We found that SpGlpO interacts with a wide range of

We found that SpGlpO interacts with a wide range of host glycans with the strongest binding to those that are commonly found as O-linked glycans of protein glycosylation and as lactoceramides/gangliosides. In addition, asialo-GM1 contains the core GalNAcβ1-4Gal suggesting that SpGlpO is an alternative binding partner for these gangliosides, with this interaction proving important in mediating pneumococcal adherence to nasopharyngeal cells. Given these findings, we propose that SpGlpO enhances pneumococcal colonization of the nasopharynx through its direct binding to host glycoconjugates. In this context, the use of oligosaccharides to block pneumococcal adherence to mucosal surfaces presents an attractive prospect for therapy and disease prevention, as demonstrated for LNnT using a rabbit model of pneumonia and bacteremia and an infant rat model of colonization (Idanpaan-Heikkila et al., 1997).
GlcNAcβ1-3Gal is a core structure of gangliosides, which are predominantly found on neuronal surfaces. Previous work has demonstrated a ganglioside-mediated colonization of the nasopharynx and purchase EZ Cap Reagent GG by pneumococci (van Ginkel et al., 2003). We previously reported that an SpGlpO mutant showed decreased adherence to human brain microvascular endothelial cells (Mahdi et al., 2012), although a detailed mechanism for this was not determined. This study suggests that the binding of SpGlpO to different gangliosides, like asialo-GM1, could facilitate attachment to brain cells, providing an alternative mechanism for pneumococcal attachment to brain tissue. Interestingly, this would suggest an additional role for SpGlpO, along with its hydrogen peroxide producing cytotoxic effects, in the pathogenesis of pneumococcal meningitis. Moreover, the binding of SpGlpO to gangliosides opens up the likelihood that such interactions play a major role in the pathogenesis of otitis media, as was previously shown in chinchilla tracheal epithelia (Tong et al., 1999), and in gerbils where CNS infection occurred after pneumococcal otitis media (Muffat-Joly et al., 1994).
Immune-mediated clearance of pneumococci from the nasopharynx involves both antibody-dependent and antibody-independent mechanisms (Goldblatt et al., 2005; Malley et al., 2007; van Rossum et al., 2005). Antibody-independent clearance is thought to involve an IL-17A-mediated T-cell response, resulting in the recruitment of neutrophils to the site of infection and subsequent clearance of colonization (Lu et al., 2008; Malley et al., 2006). Consistent with these reports, intranasal immunization of mice with SpGlpO or SpGlpO-adjunct elicited significant total serum IgG, negligible salivary IgA, and more IFN-γ and IL-17A responses compared with LTB controls. The finding that immunization with SpGlpO did not completely block colonization could be advantageous in the context of reducing colonization to levels that significantly impacts on overall pneumococcal translocation to deeper host tissues, while intra- and inter-species competition in the nasopharynx is maintained at asymptomatic levels. This is also likely to result in reduction in transmission from carriers to new hosts. Our previous work with WCH16 and WCH43 showed that stable colonization of the nasopharynx of CD1 (Swiss) mice was firmly established over a 48- to 96-h period, with optimal and uniform colonization at 72h post-infection (Mahdi et al., 2012). This finding led us to choose 72h after challenge as the ideal time-point for mouse sacrifice to determine the level of nasopharyngeal colonization.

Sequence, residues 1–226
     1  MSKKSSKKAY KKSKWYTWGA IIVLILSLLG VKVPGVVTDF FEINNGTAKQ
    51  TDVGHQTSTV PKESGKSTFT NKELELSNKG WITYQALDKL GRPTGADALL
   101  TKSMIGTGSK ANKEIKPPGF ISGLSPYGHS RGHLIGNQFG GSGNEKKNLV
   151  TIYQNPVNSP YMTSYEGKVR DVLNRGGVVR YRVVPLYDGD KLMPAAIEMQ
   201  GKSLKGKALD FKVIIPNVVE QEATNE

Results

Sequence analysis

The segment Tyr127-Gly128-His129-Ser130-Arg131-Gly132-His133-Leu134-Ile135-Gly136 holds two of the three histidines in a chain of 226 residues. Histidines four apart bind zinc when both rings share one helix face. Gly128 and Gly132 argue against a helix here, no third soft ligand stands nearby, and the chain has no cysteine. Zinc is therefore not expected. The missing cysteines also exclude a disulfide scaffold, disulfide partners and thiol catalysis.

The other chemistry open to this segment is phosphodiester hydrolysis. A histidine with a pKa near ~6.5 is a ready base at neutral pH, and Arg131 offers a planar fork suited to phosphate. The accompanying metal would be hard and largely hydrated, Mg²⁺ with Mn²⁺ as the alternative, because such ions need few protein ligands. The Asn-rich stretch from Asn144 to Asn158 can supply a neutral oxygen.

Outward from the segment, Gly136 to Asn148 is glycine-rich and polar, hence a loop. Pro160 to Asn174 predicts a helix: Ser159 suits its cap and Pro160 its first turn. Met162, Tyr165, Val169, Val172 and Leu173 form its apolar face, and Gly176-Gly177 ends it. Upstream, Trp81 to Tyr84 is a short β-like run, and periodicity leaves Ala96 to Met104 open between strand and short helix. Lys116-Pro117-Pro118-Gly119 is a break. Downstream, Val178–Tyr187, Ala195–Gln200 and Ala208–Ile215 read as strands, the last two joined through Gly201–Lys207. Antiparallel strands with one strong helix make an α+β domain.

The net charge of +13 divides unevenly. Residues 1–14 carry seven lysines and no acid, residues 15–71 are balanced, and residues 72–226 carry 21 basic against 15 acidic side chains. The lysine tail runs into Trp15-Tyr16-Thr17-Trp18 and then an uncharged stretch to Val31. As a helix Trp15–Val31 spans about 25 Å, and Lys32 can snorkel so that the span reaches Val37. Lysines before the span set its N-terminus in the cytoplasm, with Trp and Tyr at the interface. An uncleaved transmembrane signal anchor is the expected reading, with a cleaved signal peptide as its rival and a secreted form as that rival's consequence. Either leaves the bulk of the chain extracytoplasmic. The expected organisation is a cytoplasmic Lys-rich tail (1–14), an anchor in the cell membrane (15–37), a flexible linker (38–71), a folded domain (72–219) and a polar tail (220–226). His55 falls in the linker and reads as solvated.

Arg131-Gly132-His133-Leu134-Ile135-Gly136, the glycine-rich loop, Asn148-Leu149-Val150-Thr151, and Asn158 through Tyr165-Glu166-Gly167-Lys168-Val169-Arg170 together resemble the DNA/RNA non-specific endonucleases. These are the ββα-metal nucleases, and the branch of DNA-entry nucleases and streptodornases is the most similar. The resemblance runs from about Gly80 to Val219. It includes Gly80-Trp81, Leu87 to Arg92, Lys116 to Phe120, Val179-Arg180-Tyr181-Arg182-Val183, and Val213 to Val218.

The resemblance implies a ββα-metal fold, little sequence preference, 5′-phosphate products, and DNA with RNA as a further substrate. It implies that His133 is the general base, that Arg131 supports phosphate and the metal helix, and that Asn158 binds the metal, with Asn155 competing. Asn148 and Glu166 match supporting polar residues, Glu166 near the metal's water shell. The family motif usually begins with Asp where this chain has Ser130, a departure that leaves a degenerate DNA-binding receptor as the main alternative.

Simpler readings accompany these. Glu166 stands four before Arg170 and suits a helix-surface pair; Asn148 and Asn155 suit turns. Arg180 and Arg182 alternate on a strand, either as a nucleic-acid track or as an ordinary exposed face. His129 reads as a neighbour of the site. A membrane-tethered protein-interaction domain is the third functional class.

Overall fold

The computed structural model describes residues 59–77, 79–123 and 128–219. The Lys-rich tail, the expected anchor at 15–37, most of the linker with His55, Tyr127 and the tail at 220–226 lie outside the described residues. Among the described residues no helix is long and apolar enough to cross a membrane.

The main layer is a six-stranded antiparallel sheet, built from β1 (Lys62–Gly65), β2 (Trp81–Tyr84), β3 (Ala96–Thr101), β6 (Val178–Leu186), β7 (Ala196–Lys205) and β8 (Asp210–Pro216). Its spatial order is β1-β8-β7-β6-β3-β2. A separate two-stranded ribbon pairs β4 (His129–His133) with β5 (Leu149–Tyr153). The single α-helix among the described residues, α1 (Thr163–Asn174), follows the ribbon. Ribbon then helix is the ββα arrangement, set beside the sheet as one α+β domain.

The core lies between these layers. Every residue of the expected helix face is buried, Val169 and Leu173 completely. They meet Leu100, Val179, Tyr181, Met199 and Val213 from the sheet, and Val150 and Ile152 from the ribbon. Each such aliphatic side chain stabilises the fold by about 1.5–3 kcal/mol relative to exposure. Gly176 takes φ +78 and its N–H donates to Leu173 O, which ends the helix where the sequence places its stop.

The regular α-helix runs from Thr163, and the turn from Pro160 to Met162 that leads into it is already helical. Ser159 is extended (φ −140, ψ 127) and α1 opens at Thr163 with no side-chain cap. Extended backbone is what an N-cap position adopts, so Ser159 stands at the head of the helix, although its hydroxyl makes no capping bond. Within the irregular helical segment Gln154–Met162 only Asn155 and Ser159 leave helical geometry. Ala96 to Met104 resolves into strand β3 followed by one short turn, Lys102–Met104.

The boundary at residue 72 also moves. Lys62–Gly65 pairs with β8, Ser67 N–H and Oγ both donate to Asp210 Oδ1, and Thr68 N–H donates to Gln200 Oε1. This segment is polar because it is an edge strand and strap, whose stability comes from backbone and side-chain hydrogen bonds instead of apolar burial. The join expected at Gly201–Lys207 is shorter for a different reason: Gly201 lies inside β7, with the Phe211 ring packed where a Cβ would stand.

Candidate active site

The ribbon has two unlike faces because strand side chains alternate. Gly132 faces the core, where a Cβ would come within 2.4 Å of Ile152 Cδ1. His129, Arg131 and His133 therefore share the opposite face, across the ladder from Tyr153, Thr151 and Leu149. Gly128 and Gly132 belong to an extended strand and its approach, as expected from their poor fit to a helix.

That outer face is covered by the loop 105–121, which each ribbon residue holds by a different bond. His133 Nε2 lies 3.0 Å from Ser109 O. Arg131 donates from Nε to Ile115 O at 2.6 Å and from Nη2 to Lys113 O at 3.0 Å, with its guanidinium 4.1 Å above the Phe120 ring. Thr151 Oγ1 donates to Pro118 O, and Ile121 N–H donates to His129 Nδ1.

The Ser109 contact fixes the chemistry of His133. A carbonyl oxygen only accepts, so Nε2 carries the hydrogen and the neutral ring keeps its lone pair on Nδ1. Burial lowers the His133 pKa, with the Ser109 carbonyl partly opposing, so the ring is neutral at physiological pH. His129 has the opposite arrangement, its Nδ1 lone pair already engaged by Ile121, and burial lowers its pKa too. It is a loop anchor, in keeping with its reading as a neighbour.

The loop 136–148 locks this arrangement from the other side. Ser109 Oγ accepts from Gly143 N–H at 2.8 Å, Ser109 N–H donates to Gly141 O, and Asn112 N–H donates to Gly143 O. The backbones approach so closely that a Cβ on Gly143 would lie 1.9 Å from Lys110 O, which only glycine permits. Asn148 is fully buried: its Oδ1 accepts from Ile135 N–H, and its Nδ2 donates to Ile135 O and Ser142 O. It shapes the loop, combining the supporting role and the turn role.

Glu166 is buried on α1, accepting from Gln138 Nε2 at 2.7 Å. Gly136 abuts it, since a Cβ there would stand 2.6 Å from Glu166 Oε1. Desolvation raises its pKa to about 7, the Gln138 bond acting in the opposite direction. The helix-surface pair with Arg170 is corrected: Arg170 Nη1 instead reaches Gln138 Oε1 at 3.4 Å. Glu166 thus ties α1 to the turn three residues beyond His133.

In summary, we provide evidence for a direct contribution of SpGlpO to colonization of the nasopharynx through its binding to host glycoconjugates, and show that intranasal immunization of mice with SpGlpO elicited significant protection against subsequent nasal colonization. We conclude that SpGlpO warrants consideration for inclusion in an optimal, multi-component protein vaccine formulation that can provide robust, serotype-independent protection against nasopharyngeal colonization and all forms of invasive pneumococcal disease.

The initial Trinity de novo assembly of D japonica RNAseq